Paul Simon (who probably has a few), "Rene and Georgette Magritte With Their Dog After the War." So good, in fact, that I have to share the lyrics here. Keep 'em coming, people...

Rene and Georgette Magritte
With their dog after the war
Returned to their hotel suite
And they unlocked the door
Easily losing their evening clothes
They dance by the light of the moon
To The Penguins
The Moonglows
The Orioles
and The Five Satins
The deep forbidden music
They'd been longing for
Rene and Georgette Magritte
With their dog after the war
Were strolling down Christopher Street
When they stopped in a men's store
With all of the mannequins
Dressed in the style
That brought tears to their
Immigrant eyes
Just like The Penguins
The Moonglows
The Orioles
and The Five Satins
The easy stream of laughter
Flowing through the air
Rene and Georgette Magritte
With their dog apres la guerre
Side by side
They fell asleep
Decades gliding by like Indians
Time is cheap
When they wake up they will find
All their personal belongings
Have intertwined
Rene and Georgette Magritte
With their dog after the war
Were dining with the power elite
And they looked in their bedroom drawer
And what do you think
They have hidden away
In the cabinet cold of their hearts?
The Penguins
The Moonglows
The Orioles
and The Five Satins
For now and ever after
As it was before
Rene and Georgette Magritte With their dog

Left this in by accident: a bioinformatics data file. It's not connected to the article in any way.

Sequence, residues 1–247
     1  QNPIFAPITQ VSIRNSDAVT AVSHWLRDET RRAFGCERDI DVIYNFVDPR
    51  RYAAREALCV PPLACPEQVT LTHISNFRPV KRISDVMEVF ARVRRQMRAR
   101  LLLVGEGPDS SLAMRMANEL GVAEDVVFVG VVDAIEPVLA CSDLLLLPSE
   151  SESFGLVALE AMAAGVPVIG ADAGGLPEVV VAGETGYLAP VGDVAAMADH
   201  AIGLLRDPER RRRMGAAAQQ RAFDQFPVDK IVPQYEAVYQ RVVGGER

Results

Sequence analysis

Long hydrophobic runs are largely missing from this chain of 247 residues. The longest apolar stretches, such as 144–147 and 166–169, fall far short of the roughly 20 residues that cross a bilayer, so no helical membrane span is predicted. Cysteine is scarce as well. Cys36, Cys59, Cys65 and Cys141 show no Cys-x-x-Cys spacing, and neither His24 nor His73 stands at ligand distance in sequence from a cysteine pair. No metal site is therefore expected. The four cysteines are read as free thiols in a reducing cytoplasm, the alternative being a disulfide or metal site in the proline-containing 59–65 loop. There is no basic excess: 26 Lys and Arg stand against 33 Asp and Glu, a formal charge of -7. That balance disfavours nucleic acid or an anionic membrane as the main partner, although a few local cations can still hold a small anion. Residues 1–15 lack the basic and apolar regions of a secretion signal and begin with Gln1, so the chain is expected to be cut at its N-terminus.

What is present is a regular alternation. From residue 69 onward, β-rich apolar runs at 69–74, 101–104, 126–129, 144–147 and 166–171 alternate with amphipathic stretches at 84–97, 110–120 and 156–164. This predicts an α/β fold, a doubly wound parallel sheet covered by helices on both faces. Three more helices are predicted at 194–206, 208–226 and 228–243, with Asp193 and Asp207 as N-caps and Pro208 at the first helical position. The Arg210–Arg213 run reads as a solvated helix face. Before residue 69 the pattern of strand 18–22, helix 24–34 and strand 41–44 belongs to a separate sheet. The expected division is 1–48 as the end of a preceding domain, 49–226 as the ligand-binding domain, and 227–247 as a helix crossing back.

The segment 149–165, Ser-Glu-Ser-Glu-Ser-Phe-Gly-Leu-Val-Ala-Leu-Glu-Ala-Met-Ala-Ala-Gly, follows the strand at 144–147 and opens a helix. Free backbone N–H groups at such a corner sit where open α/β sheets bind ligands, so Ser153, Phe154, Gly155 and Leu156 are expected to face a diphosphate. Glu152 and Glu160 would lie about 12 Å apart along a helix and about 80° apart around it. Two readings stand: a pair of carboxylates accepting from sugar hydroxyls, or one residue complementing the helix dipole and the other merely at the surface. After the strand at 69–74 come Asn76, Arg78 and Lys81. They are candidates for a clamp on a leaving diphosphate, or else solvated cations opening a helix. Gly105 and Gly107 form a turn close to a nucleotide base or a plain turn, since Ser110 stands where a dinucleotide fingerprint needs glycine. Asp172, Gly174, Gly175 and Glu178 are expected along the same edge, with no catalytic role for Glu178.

After the war

10:22 AM  
Anonymous Anonymous said...

Paul Simon has a bunch: There's "Rene and Georgette Magritte...," and some older stuff like "Silent Eyes" and "Night Game."

Henrix has a few, like "Castles Made of Sand," "The Wind Cries Mary," and "All Along the Watchtower" (Dylan's tune, I know, but Hendrix owns it, I think).

And the Beatles have several: "Rocky Racoon," "Maxwell's Silver Hammer," "Eleanor Rigby," etc.

Dishonorable mention to Warren Zevon for the unaccountable survival of "Roland, the Headless Thompson Gunner," and some others too hideous to name.


10:45 AM  
Anonymous Anonymous said...

Young MC's Bust a Move is thoroughly second-person, dude.

11:56 AM  
Blogger lfw said...

ray lamontagne - narrow escape

patty griffin - sweet lorraine

dire straits - romeo & juliet (i think all of the 1st/2nd person bits in this could be considered the narrator quoting the characters...)

james - she's a star

will johnson - catherine dupree

tori amos - girl

they might be giants - particle man (hee)

12:47 PM  
Blogger JMW said...

Nice choices, lfw. I had been meaning to mention Romeo and Juliet.

1:59 PM  
Anonymous jpw said...

I feel as though Broadway show tunes may provide fertile ground for third-person lyrics...I'll have to look into this further, but, just off the top of my head: "The Farmer and the Cowman" from Oklahoma... "Oh, the farmer and the cowman should be friends, oh the farmer and the cowman should be friends; one likes to push a plow, the other likes to chase a cow, but that's no reason why they can't be friends!" HA!!!

10:03 PM